The objective of the centre is to enhance interprofessional collaboration between educational provision addressing children and young people’s wellbeing, health and education. A key feature of the proposed centre is the co-design and co-production of learning resources by students, staff and practitioners.
Strengths and weaknesses
One of the biggest strengths in this proposal is the strong engagement from students, teaching staff and stakeholders. The students act as change-agents and proved to be a driving force for the idea of this centre. All the mentioned parties were able to clearly conceptualize and persuade the panel of the aims and the need for the proposed centre. The panel was impressed by the huge buy-in to this centre.
The objectives of this centre are aligned with public policies for this field. This strengthened the picture of external support, possibilities of dissemination and impact.
During the site visit, the panel became aware of what seemed like hindrances in the institutional administrative structure. Teaching staff were concerned with their workload and hindrances in solving this. There was also some evidence of silo thinking, which was concerning. The proposed centre was viewed as a possible solution to these challenges. The institutional management did not have the same concerns and did not show an understanding of this.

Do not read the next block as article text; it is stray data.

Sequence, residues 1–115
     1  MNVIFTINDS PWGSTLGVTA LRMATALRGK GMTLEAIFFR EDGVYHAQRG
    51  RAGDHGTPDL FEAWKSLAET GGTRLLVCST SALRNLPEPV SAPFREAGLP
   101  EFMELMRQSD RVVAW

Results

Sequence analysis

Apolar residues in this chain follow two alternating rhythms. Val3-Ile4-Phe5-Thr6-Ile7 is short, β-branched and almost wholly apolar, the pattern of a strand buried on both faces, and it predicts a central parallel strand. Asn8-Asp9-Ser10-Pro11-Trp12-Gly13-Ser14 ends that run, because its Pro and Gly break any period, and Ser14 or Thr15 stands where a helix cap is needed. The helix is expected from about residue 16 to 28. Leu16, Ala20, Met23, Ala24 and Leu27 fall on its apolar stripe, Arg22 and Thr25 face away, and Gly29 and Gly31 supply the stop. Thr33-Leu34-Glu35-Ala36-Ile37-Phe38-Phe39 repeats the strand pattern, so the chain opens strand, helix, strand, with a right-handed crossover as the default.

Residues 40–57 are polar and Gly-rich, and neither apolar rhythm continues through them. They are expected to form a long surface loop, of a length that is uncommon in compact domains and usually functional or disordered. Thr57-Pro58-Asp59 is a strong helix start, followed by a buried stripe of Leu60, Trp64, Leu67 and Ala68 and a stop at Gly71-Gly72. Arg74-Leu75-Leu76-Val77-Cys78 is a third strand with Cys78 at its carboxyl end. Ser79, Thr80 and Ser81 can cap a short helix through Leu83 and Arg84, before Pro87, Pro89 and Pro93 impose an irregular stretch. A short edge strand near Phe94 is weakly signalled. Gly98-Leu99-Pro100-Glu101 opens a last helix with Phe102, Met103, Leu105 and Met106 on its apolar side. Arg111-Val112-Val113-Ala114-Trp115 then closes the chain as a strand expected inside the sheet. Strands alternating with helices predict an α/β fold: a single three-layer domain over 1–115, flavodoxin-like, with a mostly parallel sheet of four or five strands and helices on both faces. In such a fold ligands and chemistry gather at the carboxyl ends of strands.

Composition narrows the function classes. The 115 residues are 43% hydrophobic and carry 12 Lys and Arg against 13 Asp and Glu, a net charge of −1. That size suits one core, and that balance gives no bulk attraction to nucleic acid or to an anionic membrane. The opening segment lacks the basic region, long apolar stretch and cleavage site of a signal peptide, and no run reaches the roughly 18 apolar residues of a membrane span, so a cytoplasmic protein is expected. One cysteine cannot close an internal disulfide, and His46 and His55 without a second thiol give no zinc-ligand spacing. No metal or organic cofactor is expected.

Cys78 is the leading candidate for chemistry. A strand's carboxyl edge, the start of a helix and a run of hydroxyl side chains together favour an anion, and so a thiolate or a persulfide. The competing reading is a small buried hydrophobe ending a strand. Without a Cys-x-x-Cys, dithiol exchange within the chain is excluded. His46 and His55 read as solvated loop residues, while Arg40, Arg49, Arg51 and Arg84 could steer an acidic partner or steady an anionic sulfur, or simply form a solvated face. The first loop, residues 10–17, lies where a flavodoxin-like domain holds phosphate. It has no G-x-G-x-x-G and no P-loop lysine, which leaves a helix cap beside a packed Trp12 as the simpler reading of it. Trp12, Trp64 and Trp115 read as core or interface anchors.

The management structure of the centre is unclear and undecided. This is an important part of the centre’s likelihood of success. There were few ideas of how this would be organized and the management of the institution and the proposed centre leader did not seem to understand the importance of a good management structure. Key personnel were not decided upon and the management were not able to reassure the panel of potential candidates, although teaching staff seemed eager to take on the tasks.
The expert panel acknowledged that work strand leaders was not yet determined, however it should still have been possible for the proposed centre leader and the institutional management to convince the panel of how the proposed centre would be evaluated. Unfortunately, they did not do so. Little understanding was shown of how “the theory of change”, which was referred to in the bid, would be applied. Considerable work is needed to develop a clear plan in regards to evaluation and impact.
In conclusion, the expert panel felt that the proposal for this centre initially had a good vision, but there were too many shortcomings. Even though the buy-in to this centre is impressive, the panel is not convinced that the centre has the potential to succeed because of challenges with the structures of the centres and the institution.